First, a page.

By JIM ANDERSON
KINGSFORD - Kingsford will receive a state grant of nearly $600,000 to evaluate its wastewater and stormwater systems.
City Manager Tony Edlebeck discussed the Stormwater, Asset Management and Wastewater (SAW) grant during a council meeting Monday. Last week, the Michigan Department of Environmental Quality released a list of communities receiving grant and loan awards totaling more than $97 million under the newly inaugurated SAW program, which is designed to help municipalities plan for sewer maintenance needs.
The SAW program was created through legislation enacted in 2012 and is funded through the Great Lakes Water Quality Bond authorized by state voters in 2002.
Kingsford will evaluate sanitary sewer, combined sewer (sanitary sewer and stormwater in a single pipe) and manholes. The study will be limited to components that are more than 30 years old. The work involves cleaning and televising some 130,000 linear feet of pipe, as well as addressing some 565 manholes.
Kingsford's approved grant amount is $589,438, with a 10 percent city match required. The local funding - $58,944 - can be spread out over three budget years.
"We will need to select an engineer," Edlebeck noted.
The evaluation - or asset management plan - will include a cost analysis of deficiencies, a work plan for improvements and locations for geographic information systems (GIS) mapping. Such an evaluation is needed to prioritize replacement of lines nearing the end of their lifespans. An asset management plan is also required to seek further grant or loan assistance from the state.
Other Upper Peninsula grant recipients included: Bessemer Township, $361,791; Charter Township of Ironwood, $279,950; Forsyth Township, $195,665; Manistique, $715,03; Marenisco Township, $122,395; Masonville Township, $178,530; Powderhorn Area Utility District, $173,888; and Village of Powers, $188,904.
In other action Monday, the Kingsford council:
- Heard Edlebeck report that water lines throughout the city continue to freeze. The number of lines thawed so far this winter is 127, including 42 in the past two weeks. A total of 287 water services are on "let run" status, meaning a steady flow is ordered to prevent freeze-ups. The city has about 2,600 customers. "We're hoping the weather is going to start going back the other way now," Edlebeck said. Earlier this month, the National Weather Service reported record-setting cold from December through February at Iron Mountain-Kingsford.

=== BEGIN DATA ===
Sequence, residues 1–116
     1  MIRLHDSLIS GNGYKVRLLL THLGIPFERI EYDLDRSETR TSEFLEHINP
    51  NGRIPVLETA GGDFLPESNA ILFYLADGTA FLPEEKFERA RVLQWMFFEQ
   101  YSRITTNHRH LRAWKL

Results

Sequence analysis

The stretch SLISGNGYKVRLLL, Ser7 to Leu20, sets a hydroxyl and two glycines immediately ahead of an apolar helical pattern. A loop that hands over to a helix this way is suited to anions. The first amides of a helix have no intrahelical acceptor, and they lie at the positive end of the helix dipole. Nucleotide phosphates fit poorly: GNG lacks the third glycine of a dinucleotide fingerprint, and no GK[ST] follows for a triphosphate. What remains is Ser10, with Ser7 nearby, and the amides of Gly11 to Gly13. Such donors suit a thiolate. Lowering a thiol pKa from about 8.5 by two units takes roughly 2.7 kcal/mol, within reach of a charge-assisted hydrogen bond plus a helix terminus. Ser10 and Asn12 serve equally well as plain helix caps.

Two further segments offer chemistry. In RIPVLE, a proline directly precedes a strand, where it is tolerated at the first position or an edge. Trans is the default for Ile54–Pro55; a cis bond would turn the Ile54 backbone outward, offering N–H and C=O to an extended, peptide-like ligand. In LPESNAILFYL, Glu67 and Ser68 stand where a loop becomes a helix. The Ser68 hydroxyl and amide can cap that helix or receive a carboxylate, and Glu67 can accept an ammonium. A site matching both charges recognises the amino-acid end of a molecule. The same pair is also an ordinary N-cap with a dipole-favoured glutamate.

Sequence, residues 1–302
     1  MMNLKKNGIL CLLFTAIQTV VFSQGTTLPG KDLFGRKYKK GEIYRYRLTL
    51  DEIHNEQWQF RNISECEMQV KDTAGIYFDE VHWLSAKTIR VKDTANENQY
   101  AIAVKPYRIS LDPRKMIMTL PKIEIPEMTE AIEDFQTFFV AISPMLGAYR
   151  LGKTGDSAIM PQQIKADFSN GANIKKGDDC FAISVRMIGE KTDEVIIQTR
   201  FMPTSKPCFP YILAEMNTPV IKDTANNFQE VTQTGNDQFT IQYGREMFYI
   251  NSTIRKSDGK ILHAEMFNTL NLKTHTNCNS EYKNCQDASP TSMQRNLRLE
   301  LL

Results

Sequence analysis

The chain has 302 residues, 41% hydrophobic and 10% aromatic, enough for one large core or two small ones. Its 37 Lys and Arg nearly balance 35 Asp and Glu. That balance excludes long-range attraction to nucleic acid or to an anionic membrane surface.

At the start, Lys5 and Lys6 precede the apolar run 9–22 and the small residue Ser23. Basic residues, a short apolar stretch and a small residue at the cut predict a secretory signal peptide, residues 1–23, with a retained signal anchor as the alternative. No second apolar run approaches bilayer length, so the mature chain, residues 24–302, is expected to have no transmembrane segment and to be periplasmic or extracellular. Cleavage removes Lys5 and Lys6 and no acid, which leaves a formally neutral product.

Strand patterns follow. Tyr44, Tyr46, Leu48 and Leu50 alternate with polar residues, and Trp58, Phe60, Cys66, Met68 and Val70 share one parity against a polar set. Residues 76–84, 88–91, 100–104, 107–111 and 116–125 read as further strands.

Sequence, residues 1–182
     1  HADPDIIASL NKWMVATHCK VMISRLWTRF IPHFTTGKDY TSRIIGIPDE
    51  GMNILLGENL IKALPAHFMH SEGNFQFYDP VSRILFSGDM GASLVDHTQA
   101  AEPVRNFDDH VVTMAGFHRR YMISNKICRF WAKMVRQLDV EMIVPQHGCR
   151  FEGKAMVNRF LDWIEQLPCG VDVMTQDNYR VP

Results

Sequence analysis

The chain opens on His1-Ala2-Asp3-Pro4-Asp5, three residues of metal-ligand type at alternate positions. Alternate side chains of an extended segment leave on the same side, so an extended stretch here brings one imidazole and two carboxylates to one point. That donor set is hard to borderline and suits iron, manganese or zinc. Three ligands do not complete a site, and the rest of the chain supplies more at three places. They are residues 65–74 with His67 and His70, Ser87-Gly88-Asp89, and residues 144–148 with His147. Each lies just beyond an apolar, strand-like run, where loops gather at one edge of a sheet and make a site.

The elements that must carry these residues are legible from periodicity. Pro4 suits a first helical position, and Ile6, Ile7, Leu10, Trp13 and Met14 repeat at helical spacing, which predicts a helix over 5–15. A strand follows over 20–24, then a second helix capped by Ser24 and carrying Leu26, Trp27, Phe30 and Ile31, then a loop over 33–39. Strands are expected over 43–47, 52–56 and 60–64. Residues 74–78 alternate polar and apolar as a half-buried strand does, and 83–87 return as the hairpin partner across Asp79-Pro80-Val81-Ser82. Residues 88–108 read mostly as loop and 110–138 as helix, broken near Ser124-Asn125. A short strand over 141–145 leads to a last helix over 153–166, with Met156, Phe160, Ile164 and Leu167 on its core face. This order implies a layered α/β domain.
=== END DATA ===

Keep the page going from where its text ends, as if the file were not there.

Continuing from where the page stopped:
- Decided to give JMT Development LLC additional time to pay off an accrued balance of $35,782 for 18.13 acres of property acquired from the city in early 2008 for the Riverdale residential development. The purchase cost was $125,000 payable over five years and the final payment is eight months overdue. Rather than seek foreclosure, the city will extend the final payment period for five years, with the first installment due July 1. The Riverdale parcel of 23 residential lots is located along the Menominee River and 18 lots remain vacant. Council members pointed to the financial crisis of September 2008 and its impact on the real estate market as a factor in their decision to allow extra time.
- Adopted, in a 3-1 vote, a policy that restricts council access to payroll information that is considered personal, such as deductions for child support or charitable contributions. The policy also restricts council access to city computers. Council member Brian Smeester wants unhindered access to city computers, saying he has that privilege under the City Charter. Edlebeck described the computer request as "highly irregular" and noted he's provided Smeester the 2013 gross wage information for all employees, along with statutory deductions, city council approved deductions and contractual deductions. City Attorney Bruce Brouillette advised that personal deductions are not public information. "When you obstruct me, I feel you're hiding something," said Smeester, who voted no after a blunt series of interruptions with Mayor Dennis Baldinelli. Council member Michael Flaminio described Smeester's pursuit of further information as frivolous. "If a council person requires a report of public information, this information can be provided in print form," Edlebeck said in a memo to the council. Council member Joe Groeneveld was absent.
- Accepted in a 4-0 vote the appointment of council member Cynthia Dixon-Miller to replace Smeester on the auditing committee. Smeester has refused to sign off on city invoices because of his lack of access to all payroll information.
- Decided to apply again for a Michigan Department of Natural Resources Recreation Passport grant of up to $45,000 to help rebuild the four tennis courts at Lodal Park. This will mark the city's third try for the grant, which requires a $17,000 match.
- Learned that bids will be opened April 21 by the Michigan Department of Transportation for the Westwood Avenue resurfacing project. The council adopted a resolution to accept $251,594 in Transportation Economic Development Category F funding and provide a $62,899 city match. The fiscal year 2014 project will resurface 0.91 miles of Westwood Avenue from Woodward Avenue south to Garfield Street. The all-season route provides access to the city's industrial area and connects to the county's all-season road network.
- Agreed to work with the Dickinson County Road Commission to pursue grant funding to resurface Pine Mountain Road. The city's portion (Westwood Avenue) runs for nearly a mile from Brookfield Avenue north to the city limits at Horseshoe Lane.
- Heard Edlebeck report that U.S. Sen. Carl Levin, D-Mich., continues to work with the Dickinson Area Partnership to protest the planned closing of the Kingsford Mail Processing Center. Businesses throughout the Upper Peninsula are being surveyed, particularly as to whether elimination of overnight mail service would have a negative impact.
Jim Anderson's email address is email@example.com.